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  1. #41

    Join Date
    Nov 2000
    Posts
    320
    Tractor
    Kubota L3710, JD5300, AC D19, IH 806, IH 8950, Ford 8N, Farmal Super M, several others in the past.

    Default Re: Pole barn

    cowboydoc:
    The Menards here gives the book for free. I picked up a few prior to ordering the shed. Here the booklet sets out in front of the counter for the taking.


  2. #42
    Super Member
    Join Date
    Dec 2000
    Posts
    6,737
    Tractor
    JD 8320 MFWD, JD 6415 MFWD, FEL, and cab, John Deere MFWD 4600, John Deere 4020, John Deere 4430, John Deere 455 mower, Deutz, and Gehl 4610 perkins skidsteer

    Default Re: Pole barn

    Yea that doesn't surprise me. These guys here are real jerks.


  3. #43
    Veteran Member
    Join Date
    Aug 2001
    Posts
    2,387
    Location
    Mid-Missouri
    Tractor
    Kubota L210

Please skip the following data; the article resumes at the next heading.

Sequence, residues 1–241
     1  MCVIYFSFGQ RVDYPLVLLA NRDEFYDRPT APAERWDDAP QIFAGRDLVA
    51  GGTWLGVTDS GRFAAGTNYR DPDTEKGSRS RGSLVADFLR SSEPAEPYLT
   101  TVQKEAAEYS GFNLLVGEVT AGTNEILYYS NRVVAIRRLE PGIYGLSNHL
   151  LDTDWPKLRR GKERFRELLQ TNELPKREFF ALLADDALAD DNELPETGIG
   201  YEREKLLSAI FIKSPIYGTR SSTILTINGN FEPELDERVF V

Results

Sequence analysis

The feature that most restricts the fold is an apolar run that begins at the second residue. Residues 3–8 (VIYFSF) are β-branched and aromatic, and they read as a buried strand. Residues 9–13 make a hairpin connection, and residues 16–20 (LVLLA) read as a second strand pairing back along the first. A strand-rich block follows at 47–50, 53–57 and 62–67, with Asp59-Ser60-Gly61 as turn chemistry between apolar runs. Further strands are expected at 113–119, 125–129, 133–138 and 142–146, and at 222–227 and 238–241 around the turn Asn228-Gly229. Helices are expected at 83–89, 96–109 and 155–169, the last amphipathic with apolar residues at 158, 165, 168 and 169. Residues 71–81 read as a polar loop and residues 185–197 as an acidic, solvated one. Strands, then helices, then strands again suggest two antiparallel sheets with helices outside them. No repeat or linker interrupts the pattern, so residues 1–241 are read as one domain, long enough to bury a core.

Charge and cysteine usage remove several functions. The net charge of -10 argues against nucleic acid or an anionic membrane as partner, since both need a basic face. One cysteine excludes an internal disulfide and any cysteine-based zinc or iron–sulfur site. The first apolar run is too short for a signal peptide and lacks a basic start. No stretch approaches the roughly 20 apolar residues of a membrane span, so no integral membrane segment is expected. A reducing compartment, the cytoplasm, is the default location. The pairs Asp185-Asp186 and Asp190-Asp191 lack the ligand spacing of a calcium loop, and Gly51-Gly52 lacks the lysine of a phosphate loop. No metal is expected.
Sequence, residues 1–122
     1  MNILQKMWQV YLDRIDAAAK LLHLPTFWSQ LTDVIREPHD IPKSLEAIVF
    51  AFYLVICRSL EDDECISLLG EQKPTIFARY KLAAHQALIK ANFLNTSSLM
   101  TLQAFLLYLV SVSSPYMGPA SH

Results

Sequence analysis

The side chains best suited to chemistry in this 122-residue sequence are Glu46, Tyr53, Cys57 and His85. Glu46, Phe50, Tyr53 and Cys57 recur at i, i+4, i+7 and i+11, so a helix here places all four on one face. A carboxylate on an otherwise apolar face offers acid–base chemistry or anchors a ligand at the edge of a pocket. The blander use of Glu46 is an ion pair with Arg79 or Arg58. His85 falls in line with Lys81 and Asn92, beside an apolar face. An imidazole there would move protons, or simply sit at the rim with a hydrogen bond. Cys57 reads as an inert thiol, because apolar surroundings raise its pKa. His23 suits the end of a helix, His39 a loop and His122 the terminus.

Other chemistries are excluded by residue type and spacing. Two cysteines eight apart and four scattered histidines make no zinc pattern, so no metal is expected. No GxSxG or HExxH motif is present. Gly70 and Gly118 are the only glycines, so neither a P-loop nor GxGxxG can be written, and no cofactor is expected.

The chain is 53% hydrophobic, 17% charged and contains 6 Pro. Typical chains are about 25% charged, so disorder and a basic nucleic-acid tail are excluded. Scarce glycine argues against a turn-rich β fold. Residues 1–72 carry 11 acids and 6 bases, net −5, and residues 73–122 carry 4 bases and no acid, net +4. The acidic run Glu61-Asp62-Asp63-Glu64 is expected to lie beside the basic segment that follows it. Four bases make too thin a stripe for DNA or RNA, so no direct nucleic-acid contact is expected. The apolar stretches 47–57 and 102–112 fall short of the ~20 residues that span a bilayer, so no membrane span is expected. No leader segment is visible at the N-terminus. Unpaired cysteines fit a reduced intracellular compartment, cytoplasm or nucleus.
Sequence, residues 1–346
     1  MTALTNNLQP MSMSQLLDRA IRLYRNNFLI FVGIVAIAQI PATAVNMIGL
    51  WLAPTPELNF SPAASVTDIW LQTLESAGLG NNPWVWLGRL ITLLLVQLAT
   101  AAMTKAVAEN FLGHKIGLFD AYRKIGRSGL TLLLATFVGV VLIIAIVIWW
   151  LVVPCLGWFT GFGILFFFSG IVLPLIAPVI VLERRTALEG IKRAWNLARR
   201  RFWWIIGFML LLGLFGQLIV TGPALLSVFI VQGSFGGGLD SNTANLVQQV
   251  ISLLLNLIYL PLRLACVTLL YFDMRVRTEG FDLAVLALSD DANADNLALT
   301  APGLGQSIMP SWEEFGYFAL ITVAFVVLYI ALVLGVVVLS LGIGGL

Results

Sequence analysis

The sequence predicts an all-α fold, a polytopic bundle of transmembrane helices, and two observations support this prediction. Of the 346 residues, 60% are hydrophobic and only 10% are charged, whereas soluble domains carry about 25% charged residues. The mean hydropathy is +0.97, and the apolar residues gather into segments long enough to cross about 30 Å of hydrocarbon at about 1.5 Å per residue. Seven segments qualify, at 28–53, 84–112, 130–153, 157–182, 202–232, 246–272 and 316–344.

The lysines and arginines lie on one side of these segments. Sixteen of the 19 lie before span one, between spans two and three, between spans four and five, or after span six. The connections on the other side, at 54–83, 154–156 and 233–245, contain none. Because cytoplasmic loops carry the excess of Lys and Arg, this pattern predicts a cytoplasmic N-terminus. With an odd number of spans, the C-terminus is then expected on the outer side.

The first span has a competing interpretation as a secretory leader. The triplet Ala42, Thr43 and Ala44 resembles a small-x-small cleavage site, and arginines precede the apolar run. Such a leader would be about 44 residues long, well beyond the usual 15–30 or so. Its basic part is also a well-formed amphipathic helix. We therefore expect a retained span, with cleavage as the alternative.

Default Re: Pole barn

    Radman,

    Sounds like you should have one of those nuclear fallout shelter signs on your pole barn.

    Chuck



  4. #44

    Join Date
    Oct 2001
    Posts
    180
    Location
    Eastern Connecticut
    Tractor
    TC40D

    Default Re: Pole barn

    We put up a 34x48x10 pole barn recently from Carter Lumber in PA. Our poles where 8' OC with trusses 4' OC with 2x4 girts 2' OC. The 4' truss spacing allowed 2x4 to be layed flat on top of trusses and were strong enough to climb on (not my favorite activity though). The trusses were definitely designed for 4' spacing (not 2'). I believe the reason our design was able to use the intermediate trusses was due to the use of double 2x12 girder used on the side walls (one on each side of pole). This seems like a better design than trying to make the girt span the distance between poles.


  5. #45

    Join Date
    Aug 2001
    Posts
    110
    Location
    Clinton, New Jersey
    Tractor
    Kubota L4310 HST, GE ElekTrak, Cub Cadet 125

    Default Re: Pole barn

    Just put up a 30x56 pole barn. Fetterville Sales in PA put it up. Their price was almost exactly 1/2 the price Morton wanted. The pole barn was going to be a DIY project but after pricing the materials it looked like all I was goin to save was about $3 grand and it would take a while just by myself.
    I could not justify the Morton price. At that rate I could build a conventional building with footings, etc.